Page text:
As you continue south on the Lower Willows Trail, look to your left for a clearing in the vegetation at just shy of 2 miles with a faint path leading toward the cluster of palms. Follow this faint path through a thicket of arrowweed (it’s not too scratchy) and continue pushing through until you reach the shade of this small, but picturesque grove. The cool shade and tranquil ambiance of the grove supplies an ideal opportunity for a break.
Retrace your steps back to the Lower Willows Trail, and turn left to resume southerly travel. At 2.4 miles, you will connect with a jeep trail that will lead you back to the Bypass. As you follow the road, you will pass through lower desert habitat complete with cholla, barrel cactus, Mammillaria, and creosote. A bevy of springtime wildflowers throw splashes of color across the sparkling white sands, and views toward Flat Top, Collins benchmark, and Palm Mesa attract the eye from time to time.
You reach one final diversion at a junction (3.2 miles) with a spur road leading toward the Santa Catarina monument. Turn left onto this junction and follow the road toward a low knoll. Just to the left of the knoll, you will see the weathered monument describing the role this spring played when de Anza’s expedition passed through Coyote Canyon on its way north through California. From this slightly elevated perch, you will gain your most complete view across Lower Willows and the confines of Clark Valley.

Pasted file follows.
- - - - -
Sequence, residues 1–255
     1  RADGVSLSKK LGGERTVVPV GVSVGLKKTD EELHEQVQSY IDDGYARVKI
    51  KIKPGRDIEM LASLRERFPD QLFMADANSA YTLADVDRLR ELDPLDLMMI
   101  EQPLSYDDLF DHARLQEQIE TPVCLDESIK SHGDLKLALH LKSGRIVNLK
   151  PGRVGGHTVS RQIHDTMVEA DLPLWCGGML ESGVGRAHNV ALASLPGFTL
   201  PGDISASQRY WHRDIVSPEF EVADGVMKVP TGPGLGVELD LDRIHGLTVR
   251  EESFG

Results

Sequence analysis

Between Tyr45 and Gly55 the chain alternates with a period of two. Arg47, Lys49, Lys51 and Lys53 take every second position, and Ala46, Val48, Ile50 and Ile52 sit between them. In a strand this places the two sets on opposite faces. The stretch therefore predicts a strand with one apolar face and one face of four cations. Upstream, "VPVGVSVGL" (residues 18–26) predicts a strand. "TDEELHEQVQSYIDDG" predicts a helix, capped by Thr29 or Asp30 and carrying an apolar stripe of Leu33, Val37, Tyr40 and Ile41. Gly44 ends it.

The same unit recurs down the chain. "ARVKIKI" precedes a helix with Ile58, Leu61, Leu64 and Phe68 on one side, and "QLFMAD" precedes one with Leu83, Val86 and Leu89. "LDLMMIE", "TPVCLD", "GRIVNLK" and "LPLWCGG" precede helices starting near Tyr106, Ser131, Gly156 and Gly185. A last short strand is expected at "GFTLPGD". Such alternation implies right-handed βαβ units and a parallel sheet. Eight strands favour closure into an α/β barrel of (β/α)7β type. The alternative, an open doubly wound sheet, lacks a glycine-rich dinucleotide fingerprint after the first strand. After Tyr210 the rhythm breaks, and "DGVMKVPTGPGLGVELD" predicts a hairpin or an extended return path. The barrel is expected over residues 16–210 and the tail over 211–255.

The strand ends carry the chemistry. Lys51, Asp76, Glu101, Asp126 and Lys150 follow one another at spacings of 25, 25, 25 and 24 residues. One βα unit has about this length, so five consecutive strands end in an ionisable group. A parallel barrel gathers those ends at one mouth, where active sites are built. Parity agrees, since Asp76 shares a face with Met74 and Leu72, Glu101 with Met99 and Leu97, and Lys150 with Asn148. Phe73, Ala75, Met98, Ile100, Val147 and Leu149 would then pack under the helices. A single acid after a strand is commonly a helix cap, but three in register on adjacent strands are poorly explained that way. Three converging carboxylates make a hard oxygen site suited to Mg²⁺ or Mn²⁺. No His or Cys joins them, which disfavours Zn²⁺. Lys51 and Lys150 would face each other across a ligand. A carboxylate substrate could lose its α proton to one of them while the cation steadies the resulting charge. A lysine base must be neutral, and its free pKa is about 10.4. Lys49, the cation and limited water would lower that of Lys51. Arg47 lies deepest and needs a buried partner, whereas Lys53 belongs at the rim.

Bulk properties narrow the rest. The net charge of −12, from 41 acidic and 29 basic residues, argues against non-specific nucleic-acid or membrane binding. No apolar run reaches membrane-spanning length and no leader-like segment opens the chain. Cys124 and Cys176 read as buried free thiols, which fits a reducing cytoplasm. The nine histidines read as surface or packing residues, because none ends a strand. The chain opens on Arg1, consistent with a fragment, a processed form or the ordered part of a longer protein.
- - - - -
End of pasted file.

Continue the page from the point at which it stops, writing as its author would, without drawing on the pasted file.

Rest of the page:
Return back to the main road and turn left to continue east toward the Bypass. As you walk along this rugged, rocky, and steep road bed, take a moment to appreciate just how ridiculous it would be to try to drive over this road. Nowadays, only raised 4WD vehicles driven by skilled, experienced drivers can make it over the bypass. It’s possible that you may encounter such vehicles on your way down. Give them a wide berth, as they’ve got some serious work to do.